When Jonah Gomez was seven-years-old, he noticed a homeless man sitting outside of a restaurant that he and his family were leaving. Jonah gave the man all of his family’s leftovers. That moment ignited in him a passion for giving to those less fortunate.
Jonah is currently a seventh grader at the Pacific Collegiate School in Santa Cruz, CA. He has served on the Frieda C. Fox Family Foundation’s Junior Board for the past year and is one of the newest members of the Leadership Team for Youth Philanthropy Connect.
On the Junior Board, Jonah explained, there are individual grants, and there are collaborative grants. Each year, the Junior Board collectively chooses a theme for their collaborative grant. The theme for 2015 was Life and Leadership Readiness. The Junior Board selects grantees based on the applicants’ ability to serve their communities within the theme’s scope. For the individual grant, each Junior Board member awards $2,000 to an organization of his or her choosing. The organizations that are selected for individual grants are then invited to apply to the Junior Board’s next collaborative grant cycle.
Jonah’s first individual grant was divided between the Digital Nest, an organization that provides access to computers and education in an effort to close the digital divide in Watsonville, California, and The Davenport Teen Center which serves the youth of the small farming community in the northern part of Santa Cruz County, California. In the most recent individual grant cycle, Jonah was drawn to Santa Cruz Writes, an organization that teaches creative expression. His grant was directed to provide writing workshops for at-risk youth. As a teenager, Jonah knows the importance of an outlet for expression during these formative years: “Writing is a way for young people to express themselves more naturally, instead of relying on negative outlets such as drugs and violence” he said.
If we could teach children digital skills then they would be able to go into this field. A good job and career in technology would not only benefit the individual but also his or her community.
As for social justice issues, specialized education of minority teens seems to be a theme for Jonah. His true passion lies in providing technological opportunity, particularly for minority and at-risk youth. “Right now there is not a lot of diversity in the tech community or in the Silicon Valley. I would really like to see a lot of racial diversity in tech because it is a new field and there is a lot of economic opportunity,” he said. “If we could teach children digital skills then they would be able to go into this field. A good job and career in technology would not only benefit the individual but also his or her community.”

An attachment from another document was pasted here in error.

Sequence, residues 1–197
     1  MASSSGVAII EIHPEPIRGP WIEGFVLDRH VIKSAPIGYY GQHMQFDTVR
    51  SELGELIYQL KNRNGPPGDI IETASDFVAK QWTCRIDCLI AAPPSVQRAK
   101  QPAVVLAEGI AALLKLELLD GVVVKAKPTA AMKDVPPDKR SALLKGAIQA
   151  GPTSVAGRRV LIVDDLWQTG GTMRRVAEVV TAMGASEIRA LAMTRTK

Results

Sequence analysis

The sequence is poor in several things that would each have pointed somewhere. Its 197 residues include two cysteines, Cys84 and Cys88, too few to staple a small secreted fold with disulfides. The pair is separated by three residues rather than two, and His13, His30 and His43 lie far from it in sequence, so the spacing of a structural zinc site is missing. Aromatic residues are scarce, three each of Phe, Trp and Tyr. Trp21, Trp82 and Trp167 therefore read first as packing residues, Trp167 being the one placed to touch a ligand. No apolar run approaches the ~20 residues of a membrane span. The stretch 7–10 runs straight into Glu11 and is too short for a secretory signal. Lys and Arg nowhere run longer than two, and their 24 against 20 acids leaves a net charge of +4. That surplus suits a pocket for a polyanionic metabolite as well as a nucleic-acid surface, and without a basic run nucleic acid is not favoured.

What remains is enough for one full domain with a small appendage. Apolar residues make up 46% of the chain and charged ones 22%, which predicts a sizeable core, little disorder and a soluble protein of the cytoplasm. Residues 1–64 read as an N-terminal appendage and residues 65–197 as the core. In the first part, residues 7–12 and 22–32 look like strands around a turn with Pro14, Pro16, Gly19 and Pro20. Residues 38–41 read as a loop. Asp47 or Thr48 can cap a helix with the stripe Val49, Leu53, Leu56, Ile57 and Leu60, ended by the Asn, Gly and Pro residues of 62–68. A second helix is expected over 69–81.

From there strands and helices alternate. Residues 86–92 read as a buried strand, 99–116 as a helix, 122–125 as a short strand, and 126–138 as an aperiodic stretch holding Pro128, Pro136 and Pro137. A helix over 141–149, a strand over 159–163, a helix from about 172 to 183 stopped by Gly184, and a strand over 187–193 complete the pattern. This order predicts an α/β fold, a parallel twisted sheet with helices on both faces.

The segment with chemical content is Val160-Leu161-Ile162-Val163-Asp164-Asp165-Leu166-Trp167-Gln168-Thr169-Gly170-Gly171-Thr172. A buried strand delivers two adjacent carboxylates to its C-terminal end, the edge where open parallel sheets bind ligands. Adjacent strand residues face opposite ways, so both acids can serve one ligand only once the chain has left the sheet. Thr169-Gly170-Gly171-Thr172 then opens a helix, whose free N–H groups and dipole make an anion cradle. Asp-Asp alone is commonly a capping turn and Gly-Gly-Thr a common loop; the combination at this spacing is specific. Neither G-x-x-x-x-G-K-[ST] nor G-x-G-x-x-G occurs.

He believes that providing youth with this education and opportunity could be a possible solution to the increasing number of minority youth who end up in prison. “I think providing skills and education instead of detention gives young people the tools they need to succeed and that is a better alternative than putting them in the prison system.”
Jonah joined the Leadership Team so he could spread his passion for philanthropy, and he thinks YPC has set up the perfect platform to spread that message far. “I feel that YPC empowers youth by giving them the abilities and tools to go into their communities to help people, and this empowers other people in turn, which creates a kind of chain reaction.”
Communicating and spreading ideas among his peers is what makes Jonah so excited for YPC’s International Conference in Anaheim, CA this July. “I’m looking forward to going to the workshops, meeting lots of new people, and learning a lot for myself,” he said.
But the conference this summer is not the only thing Jonah is looking forward to in his philanthropic career. He hopes to keep giving, and to continue his work as part of a foundation. “I really would like to be able to make a change in this world.”